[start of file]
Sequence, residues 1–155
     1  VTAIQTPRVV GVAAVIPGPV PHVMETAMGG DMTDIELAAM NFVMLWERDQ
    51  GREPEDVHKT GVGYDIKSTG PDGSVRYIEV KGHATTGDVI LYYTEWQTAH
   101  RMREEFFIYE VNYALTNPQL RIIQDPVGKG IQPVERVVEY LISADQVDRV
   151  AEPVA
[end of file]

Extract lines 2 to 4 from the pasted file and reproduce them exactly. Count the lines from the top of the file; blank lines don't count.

     1  VTAIQTPRVV GVAAVIPGPV PHVMETAMGG DMTDIELAAM NFVMLWERDQ
    51  GREPEDVHKT GVGYDIKSTG PDGSVRYIEV KGHATTGDVI LYYTEWQTAH
   101  RMREEFFIYE VNYALTNPQL RIIQDPVGKG IQPVERVVEY LISADQVDRV